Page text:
Is San Francisco doing enough to address COVID-19’s brutal disparities?
(Dana L. Brown via Flickr/Creative Commons)
The thought of San Francisco’s Mission District elicits images of vibrant murals and mouth-watering food. As one walks along the street and sees traces of Guatemala, Nicaragua, and El Salvador, it’s quickly apparent that the Mission is the heart of the city’s Latinx community; 39% of residents are Latinx. But in the midst of the pandemic, it also became San Francisco’s COVID-19 ground zero.
In April 2020, a study by doctors from the University of California, San Francisco, and a pandemic-borne grassroots organization, the Latino Task Force, conducted a mass testing campaign to investigate how the virus would affect essential workers and the Latinx population. The preliminary results alarmed them: 95% of positive cases were Latinx in the Mission District.
And that trend continues to date: Latinx make up 15% of San Francisco’s population, but nearly half of total cases.
Despite these red flags, the city was slow to come up with a sufficient and rapid response that targeted the Latinx community specifically. By August, San Francisco’s health department had dispersed only a fraction of its COVID-19 testing kits — 9% — to the Mission or toward the Latinx community, even while the stark and disproportionate infection rates remained. Doctors trained in HIV prevention suggested a change in tactics.
Doctors also discovered high rates of COVID-19 transmission in other historically underserved neighborhoods of southeast San Francisco in the meantime. Bayview-Hunters Point, a historically Black neighborhood, currently reports some of the city’s worst new daily case rates.
This has triggered months of grassroot advocacy for more city investment in areas most affected by COVID-19, but these neighborhoods received scant resources compared to San Francisco’s more affluent areas, especially when it came to testing. Six months since the April study, little has changed.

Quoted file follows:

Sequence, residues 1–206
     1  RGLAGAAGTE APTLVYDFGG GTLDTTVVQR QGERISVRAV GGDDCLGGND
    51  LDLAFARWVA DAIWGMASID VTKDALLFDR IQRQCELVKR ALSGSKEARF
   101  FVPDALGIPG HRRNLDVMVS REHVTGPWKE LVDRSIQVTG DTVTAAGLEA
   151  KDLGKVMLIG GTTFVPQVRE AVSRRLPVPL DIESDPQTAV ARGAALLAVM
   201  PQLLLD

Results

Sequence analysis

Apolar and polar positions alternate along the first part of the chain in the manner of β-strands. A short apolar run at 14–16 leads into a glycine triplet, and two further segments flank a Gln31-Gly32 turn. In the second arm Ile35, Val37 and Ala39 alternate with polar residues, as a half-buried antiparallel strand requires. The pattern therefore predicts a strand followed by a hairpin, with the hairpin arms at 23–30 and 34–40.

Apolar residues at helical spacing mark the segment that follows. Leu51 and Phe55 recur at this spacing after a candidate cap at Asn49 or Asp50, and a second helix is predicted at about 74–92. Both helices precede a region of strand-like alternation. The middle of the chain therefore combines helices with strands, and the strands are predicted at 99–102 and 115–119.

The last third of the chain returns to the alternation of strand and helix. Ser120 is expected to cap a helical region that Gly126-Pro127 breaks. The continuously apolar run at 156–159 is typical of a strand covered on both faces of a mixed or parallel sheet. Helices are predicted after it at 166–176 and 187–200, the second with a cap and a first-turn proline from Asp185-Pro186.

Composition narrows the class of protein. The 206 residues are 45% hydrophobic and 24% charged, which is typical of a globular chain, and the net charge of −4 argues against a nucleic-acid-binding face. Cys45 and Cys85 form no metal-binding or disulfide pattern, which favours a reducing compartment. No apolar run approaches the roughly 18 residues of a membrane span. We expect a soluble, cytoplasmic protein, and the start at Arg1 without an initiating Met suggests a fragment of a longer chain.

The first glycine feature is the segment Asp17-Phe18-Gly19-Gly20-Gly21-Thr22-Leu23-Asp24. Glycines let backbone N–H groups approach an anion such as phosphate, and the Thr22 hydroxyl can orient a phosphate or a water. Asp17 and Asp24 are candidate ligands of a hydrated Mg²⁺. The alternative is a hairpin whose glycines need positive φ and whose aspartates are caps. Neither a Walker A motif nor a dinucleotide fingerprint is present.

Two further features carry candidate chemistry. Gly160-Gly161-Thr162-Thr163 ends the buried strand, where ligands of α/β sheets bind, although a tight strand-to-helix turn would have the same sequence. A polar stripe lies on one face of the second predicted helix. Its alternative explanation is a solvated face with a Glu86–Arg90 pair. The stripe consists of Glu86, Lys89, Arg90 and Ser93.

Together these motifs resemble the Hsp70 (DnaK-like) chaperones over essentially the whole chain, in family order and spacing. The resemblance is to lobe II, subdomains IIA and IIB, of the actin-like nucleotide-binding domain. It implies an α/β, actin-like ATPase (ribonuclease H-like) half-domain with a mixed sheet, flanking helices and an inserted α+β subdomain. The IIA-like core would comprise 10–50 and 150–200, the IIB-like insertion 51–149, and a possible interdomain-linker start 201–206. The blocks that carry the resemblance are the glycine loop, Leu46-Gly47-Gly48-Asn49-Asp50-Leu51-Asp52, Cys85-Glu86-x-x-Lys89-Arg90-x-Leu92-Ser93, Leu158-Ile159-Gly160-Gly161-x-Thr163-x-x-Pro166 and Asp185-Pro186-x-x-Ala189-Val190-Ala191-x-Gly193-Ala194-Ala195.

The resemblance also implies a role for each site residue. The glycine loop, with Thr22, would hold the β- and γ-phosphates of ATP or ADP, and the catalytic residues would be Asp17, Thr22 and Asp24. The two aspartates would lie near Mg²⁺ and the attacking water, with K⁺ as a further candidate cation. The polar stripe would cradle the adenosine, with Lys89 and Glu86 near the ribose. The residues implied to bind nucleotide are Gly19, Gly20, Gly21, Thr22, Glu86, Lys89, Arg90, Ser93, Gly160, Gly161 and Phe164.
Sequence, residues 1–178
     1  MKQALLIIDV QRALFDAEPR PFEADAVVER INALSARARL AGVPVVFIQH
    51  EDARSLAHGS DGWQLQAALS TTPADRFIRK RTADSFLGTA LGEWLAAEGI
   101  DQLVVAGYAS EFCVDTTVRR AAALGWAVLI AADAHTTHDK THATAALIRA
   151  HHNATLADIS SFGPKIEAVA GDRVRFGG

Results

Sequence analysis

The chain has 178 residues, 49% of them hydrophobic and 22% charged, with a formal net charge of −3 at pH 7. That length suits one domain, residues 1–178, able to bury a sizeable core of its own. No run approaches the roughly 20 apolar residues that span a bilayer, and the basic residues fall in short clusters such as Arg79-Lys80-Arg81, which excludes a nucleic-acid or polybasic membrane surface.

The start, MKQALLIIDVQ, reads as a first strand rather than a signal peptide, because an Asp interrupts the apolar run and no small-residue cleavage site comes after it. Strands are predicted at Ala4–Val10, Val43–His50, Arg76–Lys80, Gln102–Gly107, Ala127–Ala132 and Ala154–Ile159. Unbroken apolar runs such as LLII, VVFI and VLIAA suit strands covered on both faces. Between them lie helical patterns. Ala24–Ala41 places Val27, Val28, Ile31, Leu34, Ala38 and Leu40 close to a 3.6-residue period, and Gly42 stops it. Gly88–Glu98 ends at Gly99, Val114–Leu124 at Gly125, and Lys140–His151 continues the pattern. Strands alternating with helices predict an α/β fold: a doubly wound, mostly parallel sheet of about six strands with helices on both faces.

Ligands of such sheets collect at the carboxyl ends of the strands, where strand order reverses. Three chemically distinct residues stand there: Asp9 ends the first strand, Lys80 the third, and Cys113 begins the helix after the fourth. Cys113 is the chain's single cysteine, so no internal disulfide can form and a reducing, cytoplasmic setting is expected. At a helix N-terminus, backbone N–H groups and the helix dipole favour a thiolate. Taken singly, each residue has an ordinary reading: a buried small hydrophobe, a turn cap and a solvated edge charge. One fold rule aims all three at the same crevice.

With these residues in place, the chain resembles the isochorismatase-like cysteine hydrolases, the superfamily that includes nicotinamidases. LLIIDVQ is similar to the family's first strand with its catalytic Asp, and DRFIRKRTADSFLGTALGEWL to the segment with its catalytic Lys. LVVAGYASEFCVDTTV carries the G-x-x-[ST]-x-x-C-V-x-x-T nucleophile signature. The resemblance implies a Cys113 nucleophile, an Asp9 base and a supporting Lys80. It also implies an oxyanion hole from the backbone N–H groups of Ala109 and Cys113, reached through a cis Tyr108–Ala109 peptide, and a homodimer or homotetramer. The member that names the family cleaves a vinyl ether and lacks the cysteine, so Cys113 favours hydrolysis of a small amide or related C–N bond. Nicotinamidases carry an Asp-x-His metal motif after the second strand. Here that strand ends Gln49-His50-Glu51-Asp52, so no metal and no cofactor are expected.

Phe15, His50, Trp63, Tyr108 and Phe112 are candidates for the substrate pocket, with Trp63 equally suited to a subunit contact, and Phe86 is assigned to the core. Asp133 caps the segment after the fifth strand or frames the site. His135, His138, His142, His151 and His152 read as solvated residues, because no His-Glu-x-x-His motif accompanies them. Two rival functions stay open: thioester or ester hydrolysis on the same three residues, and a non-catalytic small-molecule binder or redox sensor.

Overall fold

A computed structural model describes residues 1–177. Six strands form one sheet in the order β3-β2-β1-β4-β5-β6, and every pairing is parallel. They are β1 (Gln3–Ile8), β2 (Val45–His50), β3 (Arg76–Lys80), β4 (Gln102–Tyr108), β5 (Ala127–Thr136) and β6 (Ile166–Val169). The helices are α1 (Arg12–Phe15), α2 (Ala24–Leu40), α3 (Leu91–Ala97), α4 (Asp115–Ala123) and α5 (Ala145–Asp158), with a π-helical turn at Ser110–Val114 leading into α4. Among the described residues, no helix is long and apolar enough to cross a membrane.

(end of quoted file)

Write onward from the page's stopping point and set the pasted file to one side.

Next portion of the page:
By November, pop-up testing sites in San Francisco’s southeast region averaged a few hundred tests a day and ran once or twice a week; the largest and most popular testing site in the Embarcadero processes 2,000 tests a day, though that neighborhood has low infection and transmission rates.
Across the bay in Oakland, similar trends existed. Between 5% and 10% of tests were used on the ZIP codes with the highest rates of infection in October.
After several articles by Mission Local and a call for hearings, the city announced $28 million in assistance for the Latinx community. But further probing shows that little to none of that money has been released to the community yet.
The biggest change has been a decision to move one of the city’s fixed testing sites in SoMa to the southeast at Alemany Farmers’ Market. Despite the promising location, the city’s lack of robust community outreach and involvement may fail to attract the most affected populations. Something similar happened in San Francisco and Alameda counties with the demise of Verily.
As community organizers requested more bilingual contact tracers, San Francisco responded, which in part allowed 90% of Latinx cases to be investigated by September, and led to praise. At the same time, barriers to employing community contact tracers, especially in Black communities in San Francisco and Oakland, has limited the program’s success, doctors said in October.
Mission Local wants to look at each of these aspects of COVID-19 in the Bay Area: the distribution of testing and possibly vaccines, resources; dispersal of economic relief; and community care. In an unprecedented pandemic driven by a rapidly spreading virus, we know that quickly and adequately providing for the Bay Area’s neediest can be difficult. At the same time, this virus is deadly and hitting vulnerable populations hardest. We need to learn how well the Bay Area is actually attending to these groups.
For our 2020 Data Fellowship project, we want to investigate how many resources are ending up in the hands of those most affected. We also want to spell out what works, especially through the lens of smaller grassroot efforts and studies that seem to be leading the Bay Area’s response. Gleaning some answers now could provide fodder for future public health responses, and give insights on real and meaningful strategies for addressing inequality in the future.